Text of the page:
Hello mums. I’m addressing you directly, but I am aware that in this age of political correctness I should also greet the throngs of overbearing fathers that are out there too. So hello mums and dads. Let’s have a much-needed talk about the ridiculous way you’re raising your children, shall we?
I know what you’re thinking, but no, I’m not about to start some madcap rant about the young teens that are flitting off to join the Isis holiday camp (although forced marriage, slavery and graphic death do all seem very appealing, so I see why you are being slack with your vigilance and letting them go off) – I’m addressing this culture of undeserved applause and celebration.
Parents, you are nurturing the next generation of humans that will take on stewardship for the planet and instead of encouraging hard work, intellect and achievement you are mindlessly leaping up and down to congratulate your child about their latest drivel-ridden blog post or mastering the fine art of opening their own drink bottle. If I have to hear the words “Oh Alexa wants nothing more than to be a fashion blogger” again, I will be soon after arrested for trying to choke the smug idiot who said it with a gluten, fat and taste-free bran muffin that she glibly ordered with her soy chai latte.
I remember when school was a place of learning and socialisation. I enjoyed school immensely, deciding from a young age that I wanted to be a headteacher so I could spend all of my time there. Moving up to a big school that expected me to do well in lots of exams was a culture shock, even though I hadn’t been coddled in any way. The love affair with school tarnished slightly at that point, but it was a necessary evil that I persevered with.
And what do children have now? Four-year-olds now ‘graduate’ from nursery. That’s right, they graduate. What exactly have they achieved in those formative years? Have they become a doctor in wearing big boy pants or perhaps a recognised expert in thumb sucking? No? So why are you popping little mortarboards and gowns on them and applauding their progression to primary school? This is insanity at its worst and any of you going along with it need to re-evaluate your life pretty sharpish. If you can’t see that this unwarranted praise and show-ponying is exactly why we will end up with no doctors but a billion wide-eyed wannabes called Zoella, then let me open your eyes for you with a year-by-year guide on what you can be impressed with your child about:
Year 1 – There is no praise or adulation required here, only your own relief if you can get any sleep or persuade your child to feed.
Years 2 to 4 – Walking and talking? Great achievements but let’s not go too overboard. Most people master these and those that don’t have a good reason.
Years 5 to 12 – The primary and middle school years. Sports day victories (not just participation), awards, and house points are all things to be celebrated and applauded.
Years 13 to 18 – Ah, high school. Good exam results, hard work and getting a weekend job are wonderful accomplishments that are demonstrative of the fact that you have raised a sensible, useful member of the human race. Take a second to pat your own back here too, and yes I really mean that. Those of you who have introduced an intelligent, independent and well-rounded human to the world should be heralded as pioneers!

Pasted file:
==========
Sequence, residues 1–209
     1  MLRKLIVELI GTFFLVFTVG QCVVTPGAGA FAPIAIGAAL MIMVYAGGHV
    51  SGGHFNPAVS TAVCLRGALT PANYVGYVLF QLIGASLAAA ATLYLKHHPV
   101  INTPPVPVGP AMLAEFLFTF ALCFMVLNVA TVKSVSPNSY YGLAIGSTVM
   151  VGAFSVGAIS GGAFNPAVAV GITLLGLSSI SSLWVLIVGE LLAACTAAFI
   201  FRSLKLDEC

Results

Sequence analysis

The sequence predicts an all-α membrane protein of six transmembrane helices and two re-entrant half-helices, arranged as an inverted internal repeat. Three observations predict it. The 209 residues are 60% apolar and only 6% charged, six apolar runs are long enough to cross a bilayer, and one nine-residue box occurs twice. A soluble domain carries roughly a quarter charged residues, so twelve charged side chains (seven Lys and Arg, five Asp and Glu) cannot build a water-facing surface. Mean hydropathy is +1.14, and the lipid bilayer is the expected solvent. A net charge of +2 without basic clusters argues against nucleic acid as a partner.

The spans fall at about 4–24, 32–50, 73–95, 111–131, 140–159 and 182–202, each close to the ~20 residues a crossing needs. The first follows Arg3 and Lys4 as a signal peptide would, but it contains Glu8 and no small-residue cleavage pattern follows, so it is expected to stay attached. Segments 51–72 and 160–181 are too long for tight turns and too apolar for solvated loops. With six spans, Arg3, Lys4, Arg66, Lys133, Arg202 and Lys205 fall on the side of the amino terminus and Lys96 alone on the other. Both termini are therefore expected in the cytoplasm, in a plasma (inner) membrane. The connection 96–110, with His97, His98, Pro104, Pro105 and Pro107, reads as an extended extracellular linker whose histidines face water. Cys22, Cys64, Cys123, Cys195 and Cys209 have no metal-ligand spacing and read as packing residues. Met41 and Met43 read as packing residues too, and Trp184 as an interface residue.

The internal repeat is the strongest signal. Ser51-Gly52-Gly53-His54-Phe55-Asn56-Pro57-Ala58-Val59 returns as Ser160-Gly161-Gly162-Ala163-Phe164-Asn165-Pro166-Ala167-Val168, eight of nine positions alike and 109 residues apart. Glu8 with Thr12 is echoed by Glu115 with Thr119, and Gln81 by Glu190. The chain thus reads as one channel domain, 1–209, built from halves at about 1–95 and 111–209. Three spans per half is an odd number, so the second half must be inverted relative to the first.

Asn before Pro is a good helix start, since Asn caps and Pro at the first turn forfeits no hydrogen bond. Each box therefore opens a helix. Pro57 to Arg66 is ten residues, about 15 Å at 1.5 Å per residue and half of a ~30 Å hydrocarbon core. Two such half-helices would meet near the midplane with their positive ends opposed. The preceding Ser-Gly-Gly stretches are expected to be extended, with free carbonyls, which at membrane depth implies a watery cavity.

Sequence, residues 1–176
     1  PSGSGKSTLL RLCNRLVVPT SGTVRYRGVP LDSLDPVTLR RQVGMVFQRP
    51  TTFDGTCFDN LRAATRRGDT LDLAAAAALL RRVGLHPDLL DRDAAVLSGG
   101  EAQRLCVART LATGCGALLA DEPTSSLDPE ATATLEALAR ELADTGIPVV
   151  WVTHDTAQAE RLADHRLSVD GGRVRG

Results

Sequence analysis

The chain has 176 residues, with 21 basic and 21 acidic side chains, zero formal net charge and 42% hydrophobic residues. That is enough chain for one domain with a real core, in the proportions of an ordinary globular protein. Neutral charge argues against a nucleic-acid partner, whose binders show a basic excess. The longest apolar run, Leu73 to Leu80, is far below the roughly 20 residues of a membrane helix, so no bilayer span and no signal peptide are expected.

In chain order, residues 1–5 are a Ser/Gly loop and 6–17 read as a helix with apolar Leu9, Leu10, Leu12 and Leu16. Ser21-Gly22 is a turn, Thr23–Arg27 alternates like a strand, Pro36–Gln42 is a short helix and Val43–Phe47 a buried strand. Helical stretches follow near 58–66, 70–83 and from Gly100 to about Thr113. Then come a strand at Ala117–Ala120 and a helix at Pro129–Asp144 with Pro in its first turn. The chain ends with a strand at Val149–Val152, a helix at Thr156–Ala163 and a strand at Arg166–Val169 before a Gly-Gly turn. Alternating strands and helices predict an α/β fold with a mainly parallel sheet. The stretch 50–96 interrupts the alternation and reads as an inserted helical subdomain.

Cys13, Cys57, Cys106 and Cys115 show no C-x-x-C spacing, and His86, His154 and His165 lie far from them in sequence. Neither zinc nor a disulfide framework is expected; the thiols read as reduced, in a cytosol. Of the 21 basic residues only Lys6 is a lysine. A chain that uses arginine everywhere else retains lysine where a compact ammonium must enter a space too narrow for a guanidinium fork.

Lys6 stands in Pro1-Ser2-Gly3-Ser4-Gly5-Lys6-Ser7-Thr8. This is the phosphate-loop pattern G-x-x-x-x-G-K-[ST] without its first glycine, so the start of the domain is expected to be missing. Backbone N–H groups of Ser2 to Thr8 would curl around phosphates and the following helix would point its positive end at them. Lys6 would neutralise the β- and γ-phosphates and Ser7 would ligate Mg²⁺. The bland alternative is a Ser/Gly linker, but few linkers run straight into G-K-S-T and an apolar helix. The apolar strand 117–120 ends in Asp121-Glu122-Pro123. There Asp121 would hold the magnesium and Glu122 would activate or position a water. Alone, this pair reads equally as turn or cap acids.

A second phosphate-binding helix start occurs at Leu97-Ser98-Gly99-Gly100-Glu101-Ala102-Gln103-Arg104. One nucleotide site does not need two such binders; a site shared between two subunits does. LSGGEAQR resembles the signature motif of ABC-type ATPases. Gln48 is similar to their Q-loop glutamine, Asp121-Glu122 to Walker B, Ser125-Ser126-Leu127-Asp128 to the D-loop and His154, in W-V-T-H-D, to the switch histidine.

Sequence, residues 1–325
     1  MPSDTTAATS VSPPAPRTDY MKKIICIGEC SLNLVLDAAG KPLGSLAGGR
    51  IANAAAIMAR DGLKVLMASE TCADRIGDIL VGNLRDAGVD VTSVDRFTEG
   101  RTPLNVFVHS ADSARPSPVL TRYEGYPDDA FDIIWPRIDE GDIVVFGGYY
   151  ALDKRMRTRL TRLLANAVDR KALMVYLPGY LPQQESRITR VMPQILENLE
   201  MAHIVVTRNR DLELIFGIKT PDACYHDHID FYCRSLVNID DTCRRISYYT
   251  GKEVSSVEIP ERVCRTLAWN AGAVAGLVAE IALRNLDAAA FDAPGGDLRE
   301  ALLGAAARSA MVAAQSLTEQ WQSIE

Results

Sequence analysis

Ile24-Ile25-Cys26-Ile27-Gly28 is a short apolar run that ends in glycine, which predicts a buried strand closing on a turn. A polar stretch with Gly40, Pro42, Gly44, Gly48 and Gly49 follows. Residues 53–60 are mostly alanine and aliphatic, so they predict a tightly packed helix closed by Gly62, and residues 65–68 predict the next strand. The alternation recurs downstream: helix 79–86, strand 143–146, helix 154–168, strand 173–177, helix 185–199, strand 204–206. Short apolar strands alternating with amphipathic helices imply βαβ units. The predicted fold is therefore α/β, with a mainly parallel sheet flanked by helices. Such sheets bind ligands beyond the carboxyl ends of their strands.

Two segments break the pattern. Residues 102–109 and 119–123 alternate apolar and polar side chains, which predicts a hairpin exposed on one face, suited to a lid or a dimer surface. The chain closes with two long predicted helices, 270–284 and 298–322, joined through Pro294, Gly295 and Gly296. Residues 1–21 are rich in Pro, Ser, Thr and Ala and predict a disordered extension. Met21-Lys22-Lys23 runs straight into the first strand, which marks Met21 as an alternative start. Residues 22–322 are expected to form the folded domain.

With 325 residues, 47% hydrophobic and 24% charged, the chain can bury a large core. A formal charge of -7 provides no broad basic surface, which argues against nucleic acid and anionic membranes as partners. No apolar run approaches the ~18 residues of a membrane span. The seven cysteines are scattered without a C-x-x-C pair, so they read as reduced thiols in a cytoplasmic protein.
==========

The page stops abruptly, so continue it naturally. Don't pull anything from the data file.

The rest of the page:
After this, whatever they do is down to them and they need to issue self-praise as adults who are aware of their responsibilities, capabilities and limitations.
I know what you’re thinking: I clearly don’t have children otherwise I would understand the desire to lavish praise. Just because the latest fad in parenting seems to be a cloying desperation to support any and all dreams, it doesn’t mean I’m not a parent because I actively reject this methodology. Perhaps I take a more naturalised view and think that praise is due when something has been worked for, accomplished and is tinged with pride. And here is the crux of the matter… pride.
The false sense of pride and entitlement that children are thrust into this world with is an abomination, and parents I am blaming you. “Oh how delightful, Tarquin ate his entire satsuma!” Please, I ate three this morning with my breakfast, where’s my medal? I did it because my mother taught me that fruit is healthy. I didn’t text her to tell her I ate them, but something tells me this is the future for your children. How about telling darling little Tarquin when he reaches for a chocolate bar, that if he eats too many he will end up morbidly obese, a drain on health services and without feet because he will have diabetes that went untreated because mummy didn’t tell him to get checked out?
Love is important. Nurturing is beautiful. False praise is death to evolution. To end this article, because I need a lie down after writing it, I will recap a genuine conversation I had with a former friend in a café that served mushroom tea.
Friend: You know, I have to admit that having Sproggykins really has been the best accomplishment of my life. I never thought I’d have the strength to have a child, but here I am, doing it!
Pause for dramatic effect and, I suspect, a round of applause from me.
Me: Well you do seem happy, so that’s great.
Friend: I am, I really am. It’s like my whole life has been leading up to this one perfect moment and I’m not going to waste a second of it. We took Sproggykins for her first proper haircut last week and she was so good that we’ve bought her a pony so she can learn to ride as soon as possible.
Me: Isn’t she only just two?
Friend: Well, you can’t start too early and she really was ever so good. No tears and she let me hold her still the whole time and she looks so beautiful… I might have a future Miss World on my hands!
I’m out of the door, mushroom tea untouched.
by M. Baxter